Name: David Tomer

Age: 58

Title: Co-founder

Company: Sebago Lake Distillery, Gardiner

About: A Maine-based craft distillery exclusively focused on premium rum products.


What’s your biggest challenge right now?

Herding the cats. Juggling the complexity of production, investment, sales and marketing, and everything that goes along with making a startup go. It’s getting harder for good reasons. We’re entering markets faster than we had anticipated because of the acceptance and the enthusiasm for our products. Per our plan, we didn’t plan to enter another market until next year but our broker, Horizon Beverages, wanted us to. We’re in Massachusetts now and we just shipped (Thursday) 100 cases to New Hampshire. We’ve also received an order from Quebec.

Production-wise, we’re good. Sales and marketing — we didn’t intend to be in these markets for another year.

What it shows us is that Maine craft products, especially our rum, is well accepted. We’re the only guys who exclusively make rum in Maine. Others make rum, but not exclusively.

It’s gotten hard because the intensity has increased more than we thought.

What’s the best advice that anyone has given you?

An employer once told me, there’s one reason you’re in business and it’s to stay in business. You do what you do to fight the next day. You just move forward.

Many, many years ago, I was asked the question by a CEO — why are we in business? I said to make money. He told me it’s to be in business the next day.

You just have to move forward.

How do you foster creativity in yourself or your staff?

I always ask “Why not?” instead of “Why?”

I don’t look for reasons things will fail, I look for them to succeed. I’m not afraid of failure.

Here’s an example. I look at our labels. Early on, were told that 50 percent of the reason that people buy a spirit is that they like the label.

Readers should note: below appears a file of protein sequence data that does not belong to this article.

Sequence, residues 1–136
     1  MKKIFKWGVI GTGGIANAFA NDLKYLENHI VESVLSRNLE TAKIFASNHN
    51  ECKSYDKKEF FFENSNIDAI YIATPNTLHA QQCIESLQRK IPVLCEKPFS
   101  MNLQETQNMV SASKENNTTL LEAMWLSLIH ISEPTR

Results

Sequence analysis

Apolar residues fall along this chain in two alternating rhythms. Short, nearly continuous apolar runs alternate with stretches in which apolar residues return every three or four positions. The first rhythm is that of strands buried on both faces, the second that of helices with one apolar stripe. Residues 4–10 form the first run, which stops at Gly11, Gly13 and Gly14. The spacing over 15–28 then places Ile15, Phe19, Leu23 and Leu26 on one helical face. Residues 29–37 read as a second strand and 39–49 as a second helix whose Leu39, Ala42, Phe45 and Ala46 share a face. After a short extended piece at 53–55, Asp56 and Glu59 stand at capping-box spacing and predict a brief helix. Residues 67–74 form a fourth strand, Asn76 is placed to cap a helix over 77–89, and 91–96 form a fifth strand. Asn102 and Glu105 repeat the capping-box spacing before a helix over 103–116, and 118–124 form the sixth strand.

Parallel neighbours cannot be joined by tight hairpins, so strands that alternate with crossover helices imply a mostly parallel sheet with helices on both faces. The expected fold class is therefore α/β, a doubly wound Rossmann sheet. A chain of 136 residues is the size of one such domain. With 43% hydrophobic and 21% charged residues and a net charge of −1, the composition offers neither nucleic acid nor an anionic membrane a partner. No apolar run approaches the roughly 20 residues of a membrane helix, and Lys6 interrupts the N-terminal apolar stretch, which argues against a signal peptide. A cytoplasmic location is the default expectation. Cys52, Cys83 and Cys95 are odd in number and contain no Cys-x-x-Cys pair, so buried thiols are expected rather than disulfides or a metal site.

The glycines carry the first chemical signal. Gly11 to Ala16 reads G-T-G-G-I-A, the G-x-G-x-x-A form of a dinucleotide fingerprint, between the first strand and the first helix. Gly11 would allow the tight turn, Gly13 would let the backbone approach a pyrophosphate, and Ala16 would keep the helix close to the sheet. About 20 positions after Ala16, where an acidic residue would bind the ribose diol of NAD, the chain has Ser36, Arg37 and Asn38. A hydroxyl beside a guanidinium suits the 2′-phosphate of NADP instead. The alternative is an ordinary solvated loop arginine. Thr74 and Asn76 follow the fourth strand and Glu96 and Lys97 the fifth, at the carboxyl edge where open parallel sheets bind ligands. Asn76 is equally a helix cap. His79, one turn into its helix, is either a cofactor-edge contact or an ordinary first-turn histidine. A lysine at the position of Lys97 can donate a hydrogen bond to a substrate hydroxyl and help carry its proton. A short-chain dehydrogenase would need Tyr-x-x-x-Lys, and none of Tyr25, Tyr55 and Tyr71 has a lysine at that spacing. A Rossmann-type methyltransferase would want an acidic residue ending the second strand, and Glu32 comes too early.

We put a lot of effort into designing our label and going back and forth. We’re still now thinking of redesigning the label. On one of them, I failed. There was something that went here and it should have gone there. I came around, but it took me six months.

You never want to stop trying to improve and trying to really take the comments of others into consideration. You are not always right but you should be willing to at least try and give them a fair shake.

What’s your biggest fear?

My biggest fear is of not being afraid. When you’re not afraid, you are in trouble.

Fear drives you. It has to drive you.

You can’t be afraid to fail, and I am not. Fear pushes you. If I stop, nothing is going to happen.

For every nine nos, there will be one yes. You have to uncover those opportunities.

If you don’t work hard, if you don’t listen to advice, there might not be a tomorrow and you want to get to tomorrow.

You never want to not get afraid. The day you think you’ve got it made is the day you should do something else.

Where do you see your business in five years?

We see our business as a national brand and Sebago Lake Distillery being known as the premium rum guys from Maine. We want to put Maine on the map where it was and where it should be as a premium rum producer in the United States. That’s what we’re shooting for.

I’m in a good place right now. I’ve done a few things, the kids are out of college, I can travel. I enjoy what we’re doing and we’ve had nothing but support in this state. I want this to continue to be fun.

Our initial phase is really to dominate New England in next 18-24 months and to move on to the rest of the country. You have to think that far ahead.

We’re blessed that we are in markets faster than we thought we would be.

Our first product was out in October, and we have outsold every other rum in Maine. Hopefully, we’ll get on the shelves at Hannaford’s. It accounts for 50 percent of the liquor sales in Maine.

But right now, we’re in some 60-odd stores. We have great word-of-mouth. And Dan Davis (the master distiller) has done an amazing job.

We have three products. We have our Original Rum, which is an amber sipping rum. We have our Kopi Coffee Flavored Rum, it’s a cold brew with dark Sumatra coffee, and we have Spider Island, a robust premium sipping rum that’s only been out about three weeks.

Our fourth is a barrel-aged rum. We won’t have a lot of it. We hope it will do well.

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